As the COVID-19 emergency has unfolded, Inside Philanthropy has kept in touch with local funders and community foundations, reporting their efforts to maintain nonprofit operations and services that are crucial to many vulnerable populations. Most community foundations established new COVID-19 response funds supported by businesses, individuals and larger regional and national foundations. Others expanded existing disaster response funds. And while the rate of giving has slowed somewhat, support has continued to come in, and to go out as grants to local nonprofits.

Community foundation-led relief efforts have mobilized more than $536 million so far, according to the Community Foundation Public Awareness Initiative (CFPAI), which has been collecting data from 325 community foundations across the U.S. Of the money raised, says the CFPAI, approximately $175 million has already gone out in grants—much of it to nonprofits addressing basic needs such as food and shelter. Other major funding has gone to help schools purchase and distribute computers to students who would otherwise be left behind in the nationwide shift to home-based distance learning.

Overwhelming Needs

Community foundations were hit with a tsunami of funding requests as soon as the COVID-19 response funds were announced. Brian Collier, executive vice president at the Foundation for the Carolinas (FFTC), said the press of grant applications hasn’t abated. For many of the nonprofits seeking help, the grants would be the difference between surviving and shuttering. “I worked during the recession of 2008,” he said. “This is nothing like that—this is 10 times the impact.”

At the Oregon Community Foundation (OCF), for example, the number of grant applications rose exponentially as the pandemic’s impacts spread through society. “We’ve had more than a thousand requests through our online portal in three weeks—that’s normally what we get in a year,” said Max Williams, president and CEO of OCF.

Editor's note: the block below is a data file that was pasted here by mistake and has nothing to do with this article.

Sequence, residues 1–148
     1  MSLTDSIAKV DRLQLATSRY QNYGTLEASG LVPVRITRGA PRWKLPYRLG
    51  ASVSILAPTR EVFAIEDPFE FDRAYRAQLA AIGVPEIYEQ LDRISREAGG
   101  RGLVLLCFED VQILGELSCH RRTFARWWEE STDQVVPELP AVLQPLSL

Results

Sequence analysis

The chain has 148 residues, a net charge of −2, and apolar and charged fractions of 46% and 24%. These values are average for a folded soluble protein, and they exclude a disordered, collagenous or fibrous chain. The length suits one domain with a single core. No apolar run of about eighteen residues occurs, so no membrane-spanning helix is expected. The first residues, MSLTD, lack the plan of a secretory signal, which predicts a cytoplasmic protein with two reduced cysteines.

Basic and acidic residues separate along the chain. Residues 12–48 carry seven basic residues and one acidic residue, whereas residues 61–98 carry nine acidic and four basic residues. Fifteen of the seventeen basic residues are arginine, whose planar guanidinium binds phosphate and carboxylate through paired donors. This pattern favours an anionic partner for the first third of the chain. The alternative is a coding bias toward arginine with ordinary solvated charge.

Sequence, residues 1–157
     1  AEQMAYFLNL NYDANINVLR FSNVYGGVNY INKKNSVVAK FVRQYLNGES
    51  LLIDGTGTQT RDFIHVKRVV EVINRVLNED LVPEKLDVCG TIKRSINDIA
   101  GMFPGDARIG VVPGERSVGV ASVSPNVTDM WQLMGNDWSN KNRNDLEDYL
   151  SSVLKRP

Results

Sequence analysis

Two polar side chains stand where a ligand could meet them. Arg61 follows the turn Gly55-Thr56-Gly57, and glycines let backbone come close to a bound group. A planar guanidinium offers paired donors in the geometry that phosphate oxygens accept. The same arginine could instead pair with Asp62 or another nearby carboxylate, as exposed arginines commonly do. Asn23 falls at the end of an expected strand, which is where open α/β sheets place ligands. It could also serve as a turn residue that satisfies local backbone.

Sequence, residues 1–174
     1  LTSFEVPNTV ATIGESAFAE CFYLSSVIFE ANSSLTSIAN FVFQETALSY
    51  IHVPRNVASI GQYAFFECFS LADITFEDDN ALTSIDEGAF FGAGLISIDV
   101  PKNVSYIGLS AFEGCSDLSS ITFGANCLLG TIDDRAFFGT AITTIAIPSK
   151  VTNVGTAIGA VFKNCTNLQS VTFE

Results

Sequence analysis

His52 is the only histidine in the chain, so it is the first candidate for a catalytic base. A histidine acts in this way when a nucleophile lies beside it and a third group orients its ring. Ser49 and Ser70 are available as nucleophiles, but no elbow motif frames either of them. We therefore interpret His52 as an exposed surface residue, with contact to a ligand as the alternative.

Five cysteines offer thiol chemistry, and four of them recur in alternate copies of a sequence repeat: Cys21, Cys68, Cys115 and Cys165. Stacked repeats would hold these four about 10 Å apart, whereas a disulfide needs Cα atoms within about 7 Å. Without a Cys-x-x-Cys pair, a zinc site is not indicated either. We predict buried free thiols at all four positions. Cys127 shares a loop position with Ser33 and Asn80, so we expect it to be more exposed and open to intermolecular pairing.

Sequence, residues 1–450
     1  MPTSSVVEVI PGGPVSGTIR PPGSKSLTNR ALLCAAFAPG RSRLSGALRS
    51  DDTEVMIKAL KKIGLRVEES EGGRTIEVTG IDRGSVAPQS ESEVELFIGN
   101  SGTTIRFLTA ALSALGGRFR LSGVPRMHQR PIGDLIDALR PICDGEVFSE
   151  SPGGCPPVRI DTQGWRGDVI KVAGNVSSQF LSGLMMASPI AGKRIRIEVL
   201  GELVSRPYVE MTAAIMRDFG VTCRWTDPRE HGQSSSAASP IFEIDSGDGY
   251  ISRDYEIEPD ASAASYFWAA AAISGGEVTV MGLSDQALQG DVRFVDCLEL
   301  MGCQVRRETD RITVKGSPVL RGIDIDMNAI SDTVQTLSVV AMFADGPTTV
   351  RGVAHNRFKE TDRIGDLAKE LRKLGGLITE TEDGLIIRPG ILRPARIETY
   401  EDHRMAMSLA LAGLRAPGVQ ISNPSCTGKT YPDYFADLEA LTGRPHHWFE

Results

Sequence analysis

Throughout the country, there are still new response funds being established. This week, the Foundation for the Carolinas, through its subsidiary E4E Relief, announced a new $50 million “Brave of Heart Fund” to support families of healthcare workers who lose their lives to COVID-19 while caring for others. The fund was launched with initial contributions of $25 million each from the New York Life Foundation and the Cigna Foundation, but the companies aim to grow the fund to more than $100 million through additional individual and corporate donations.

In terms of the number of COVID-19 cases, New York and the tri-state area is weathering the worst of the pandemic, and the response funds have been similarly large. The NYC Covid-19 Response & Impact Fund at the New York Community Trust, for example, has provided $44 million in grants and interest-free loans to 276 New York City-based social services and arts and cultural nonprofits. Nearby, the Community Foundation of New Jersey has generated more than $20 million to help those impacted and granted nearly $2.9 million in recent weeks.

Nonprofit Jobs on the Line

Beyond the services they provide, there’s another important consideration for the continued health of nonprofits, in Oregon and elsewhere, that’s important as the country wades into a deepening recession: the sector’s role not just as a provider of services, but as an employer—quite a significant employer in some communities. Loss of those jobs would throw even more people into the kind of economic distress that government and philanthropy have been struggling to serve since the pandemic emergency started.

“We can’t lose these institutions in the long run,” said Michael Marsicano, president and CEO of FFTC. “If a ballet company, for example, can’t keep its dancers employed, that person may end up in line for a shelter or other service with other vulnerable people.”

But as funders look to the future, grantmaking may slow somewhat to ensure that there’s money for nonprofit operations throughout the year. “We’re all beginning now to pause a bit and think, what are the next six months going to be like, what’s it going to look like 18 months from now?” said Williams of OCF. It’s not yet clear how strategies and funding will proceed in a post-COVID world. But it will almost certainly look quite different, perhaps involving more policy and advocacy.

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